Monday, January 15, 2018



A WIFE IS A HOPE CHEST by Christine Brandel
(Brain Mill Press, Green Bay, WI, 2017)

There’s a sense of earned-ness about these poems—it’s palpable. They seem to address matters non-theoretically; they seem to raise matters from the author’s direct experience. I note “seem to” as I don’t know the poet and know nothing about her life. Moreover, a note in her Acknowledgments bows to the possibilities spaced out by imagination (i.e. giving thanks to those who specifically “have always encouraged creativity”). But the sense these poems give—especially, actually, if their narratives are mostly imagined—attest to their power that make the reader wonder how much they arise from the writer’s lived experience. And makes the reader—this reader, anyway—inhabit the poems with ally-like sympathy to the persona/author. Poems like


Every evening
your tea
was made
because she
knew to
take care.

Indeed, there is a persona that surfaces—that of a “wife.” But the marriage (perhaps more than one marriage as the possibility of the plural “wives” also surfaces later in the book) is difficult, as straightly presented by such poems as the title poem “A Wife Is A Hope Chest,” “His Arrows,” and, shown below, “The Money Box.”

It’s with relief on behalf of the persona or author that, toward the end of the book, the reader comes across the persona “turning it around.”

I am reminded again, though, by the book’s last poem, of the writer’s presence. The poem, “It took Eleven Books,” begins with the line

It took eleven books

and ends with the line—a surprise of a line (and more of a surprise were the poem read individually outside of the book, which is praise for the poem’s punch)—

to finally set her free.

I am sincerely pleased that when I read the poet’s biography, I didn’t see any references to having written eleven books or prodigiously, book-wise. I’m sure I’m breaking that all-important first rule of not mistaking the work for autobiography. But I reveal this effect as a testament to the collection’s power in drawing in the reader to inhabit these poems. Concurrently, there are lessons worth learning. Here’s a writer again—persona or not suddenly not the point for what it teaches:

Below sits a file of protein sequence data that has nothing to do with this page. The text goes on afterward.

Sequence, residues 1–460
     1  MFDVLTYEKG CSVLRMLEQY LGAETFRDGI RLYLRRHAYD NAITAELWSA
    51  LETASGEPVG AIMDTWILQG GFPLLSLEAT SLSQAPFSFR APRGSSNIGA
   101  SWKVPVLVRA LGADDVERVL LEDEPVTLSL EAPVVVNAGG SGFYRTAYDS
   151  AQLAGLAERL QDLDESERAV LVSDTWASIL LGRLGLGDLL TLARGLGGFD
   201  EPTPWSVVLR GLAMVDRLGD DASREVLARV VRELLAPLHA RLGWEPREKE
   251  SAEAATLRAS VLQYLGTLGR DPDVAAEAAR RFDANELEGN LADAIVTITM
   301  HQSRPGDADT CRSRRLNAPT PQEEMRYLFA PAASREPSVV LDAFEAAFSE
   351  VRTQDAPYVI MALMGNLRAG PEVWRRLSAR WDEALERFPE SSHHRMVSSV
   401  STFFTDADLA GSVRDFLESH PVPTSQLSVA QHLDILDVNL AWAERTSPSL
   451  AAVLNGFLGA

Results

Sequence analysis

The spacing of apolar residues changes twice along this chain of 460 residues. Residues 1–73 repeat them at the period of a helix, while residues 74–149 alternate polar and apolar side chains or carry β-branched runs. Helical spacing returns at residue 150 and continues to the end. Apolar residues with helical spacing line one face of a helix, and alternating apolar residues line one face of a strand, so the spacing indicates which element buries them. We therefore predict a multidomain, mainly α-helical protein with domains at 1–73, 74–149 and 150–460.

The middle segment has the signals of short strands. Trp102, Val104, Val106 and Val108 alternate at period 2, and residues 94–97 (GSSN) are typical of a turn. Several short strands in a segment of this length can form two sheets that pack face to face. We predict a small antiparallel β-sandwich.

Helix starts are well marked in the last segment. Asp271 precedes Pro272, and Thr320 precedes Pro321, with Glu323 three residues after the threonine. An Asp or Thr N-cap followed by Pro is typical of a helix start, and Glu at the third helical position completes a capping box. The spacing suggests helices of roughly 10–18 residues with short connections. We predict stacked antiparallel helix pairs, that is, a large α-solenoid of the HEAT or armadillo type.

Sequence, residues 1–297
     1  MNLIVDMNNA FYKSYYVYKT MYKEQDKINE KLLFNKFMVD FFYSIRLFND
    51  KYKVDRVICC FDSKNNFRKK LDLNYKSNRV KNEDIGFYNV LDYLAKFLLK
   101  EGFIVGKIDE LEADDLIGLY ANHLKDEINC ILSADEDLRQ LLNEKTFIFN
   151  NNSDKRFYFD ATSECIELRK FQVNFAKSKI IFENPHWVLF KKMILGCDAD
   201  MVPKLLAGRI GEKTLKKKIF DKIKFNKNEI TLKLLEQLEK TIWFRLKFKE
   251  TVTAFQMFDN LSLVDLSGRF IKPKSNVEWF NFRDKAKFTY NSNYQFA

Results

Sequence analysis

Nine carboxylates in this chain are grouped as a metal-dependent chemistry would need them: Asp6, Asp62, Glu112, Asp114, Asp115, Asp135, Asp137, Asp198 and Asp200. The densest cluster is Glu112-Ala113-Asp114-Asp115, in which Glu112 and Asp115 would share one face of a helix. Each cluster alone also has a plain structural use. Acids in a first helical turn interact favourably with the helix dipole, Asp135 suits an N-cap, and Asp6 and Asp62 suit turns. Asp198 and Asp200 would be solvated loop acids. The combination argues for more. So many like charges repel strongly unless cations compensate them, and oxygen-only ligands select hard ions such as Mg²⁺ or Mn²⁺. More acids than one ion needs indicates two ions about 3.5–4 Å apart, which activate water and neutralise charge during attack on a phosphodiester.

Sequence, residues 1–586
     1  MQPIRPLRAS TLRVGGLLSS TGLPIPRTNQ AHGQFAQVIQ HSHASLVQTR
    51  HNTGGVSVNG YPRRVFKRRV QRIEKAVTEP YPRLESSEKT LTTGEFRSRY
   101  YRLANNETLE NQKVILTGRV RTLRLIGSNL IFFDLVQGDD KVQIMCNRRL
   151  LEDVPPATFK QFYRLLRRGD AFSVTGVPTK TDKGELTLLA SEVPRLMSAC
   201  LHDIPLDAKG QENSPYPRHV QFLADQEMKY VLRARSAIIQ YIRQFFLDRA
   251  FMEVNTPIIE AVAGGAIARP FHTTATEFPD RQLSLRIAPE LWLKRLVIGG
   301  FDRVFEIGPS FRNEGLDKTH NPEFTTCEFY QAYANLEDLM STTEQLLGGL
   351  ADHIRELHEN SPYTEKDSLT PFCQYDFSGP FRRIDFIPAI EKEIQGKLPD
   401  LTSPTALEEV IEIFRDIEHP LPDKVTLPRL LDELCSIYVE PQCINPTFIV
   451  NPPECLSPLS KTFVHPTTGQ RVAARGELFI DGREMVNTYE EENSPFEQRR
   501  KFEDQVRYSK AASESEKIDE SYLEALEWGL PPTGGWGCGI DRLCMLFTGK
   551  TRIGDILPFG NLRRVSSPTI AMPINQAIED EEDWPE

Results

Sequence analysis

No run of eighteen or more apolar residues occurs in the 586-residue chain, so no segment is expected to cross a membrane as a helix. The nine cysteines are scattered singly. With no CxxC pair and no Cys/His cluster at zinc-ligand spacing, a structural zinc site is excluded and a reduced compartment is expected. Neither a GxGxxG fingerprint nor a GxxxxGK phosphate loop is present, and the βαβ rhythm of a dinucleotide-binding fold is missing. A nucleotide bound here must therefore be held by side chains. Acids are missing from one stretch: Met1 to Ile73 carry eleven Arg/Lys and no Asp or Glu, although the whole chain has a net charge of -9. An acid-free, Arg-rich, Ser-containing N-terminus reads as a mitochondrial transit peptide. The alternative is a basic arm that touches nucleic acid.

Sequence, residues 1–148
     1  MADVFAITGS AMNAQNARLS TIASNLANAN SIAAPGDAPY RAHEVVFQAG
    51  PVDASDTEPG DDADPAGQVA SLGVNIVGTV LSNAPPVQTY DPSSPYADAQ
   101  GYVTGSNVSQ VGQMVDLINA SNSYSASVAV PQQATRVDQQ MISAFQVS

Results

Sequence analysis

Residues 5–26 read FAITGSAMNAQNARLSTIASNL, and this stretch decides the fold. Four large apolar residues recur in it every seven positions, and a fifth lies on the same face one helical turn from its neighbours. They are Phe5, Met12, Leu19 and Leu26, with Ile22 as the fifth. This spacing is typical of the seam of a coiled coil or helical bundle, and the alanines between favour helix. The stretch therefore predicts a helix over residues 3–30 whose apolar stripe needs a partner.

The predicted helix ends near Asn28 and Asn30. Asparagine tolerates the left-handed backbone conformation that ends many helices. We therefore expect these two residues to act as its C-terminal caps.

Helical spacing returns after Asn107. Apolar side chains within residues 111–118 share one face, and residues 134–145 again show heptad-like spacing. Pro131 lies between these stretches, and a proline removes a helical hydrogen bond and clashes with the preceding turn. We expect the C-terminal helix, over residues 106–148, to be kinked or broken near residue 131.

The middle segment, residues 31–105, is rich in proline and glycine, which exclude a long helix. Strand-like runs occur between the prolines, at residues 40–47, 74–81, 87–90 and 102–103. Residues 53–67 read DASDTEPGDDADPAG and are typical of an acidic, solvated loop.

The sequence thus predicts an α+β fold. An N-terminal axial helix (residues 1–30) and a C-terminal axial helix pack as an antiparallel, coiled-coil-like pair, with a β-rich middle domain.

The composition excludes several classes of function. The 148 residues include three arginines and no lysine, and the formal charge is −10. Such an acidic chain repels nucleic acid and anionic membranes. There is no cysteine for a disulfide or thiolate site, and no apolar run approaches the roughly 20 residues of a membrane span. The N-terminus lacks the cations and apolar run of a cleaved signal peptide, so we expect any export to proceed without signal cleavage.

Sympathy came easily, which makes the reader more heartily applaud its Hollywood ending of being “set free.” Recommended.


Eileen Tabios is the editor of Galatea ResurrectsShe loves books and has released over 50 collections of poetry, fiction, essays, and experimental biographies from publishers in nine countries and cyberspace. Her 2018 poetry collections include HIRAETH: Tercets From the Last Archipelago and MURDER DEATH RESURRECTION: A Poetry Generator. She is the inventor of the poetry form “hay(na)ku” which will be the focus of a 15-year anniversary celebration at the San Francisco Public Library in 2018. Translated into eight languages, she also has edited, co-edited or conceptualized 13 anthologies of poetry, fiction and essays as well as served as editor or guest editor for various literary journals. Her writing and editing works have received recognition through awards, grants and residencies. More information is available at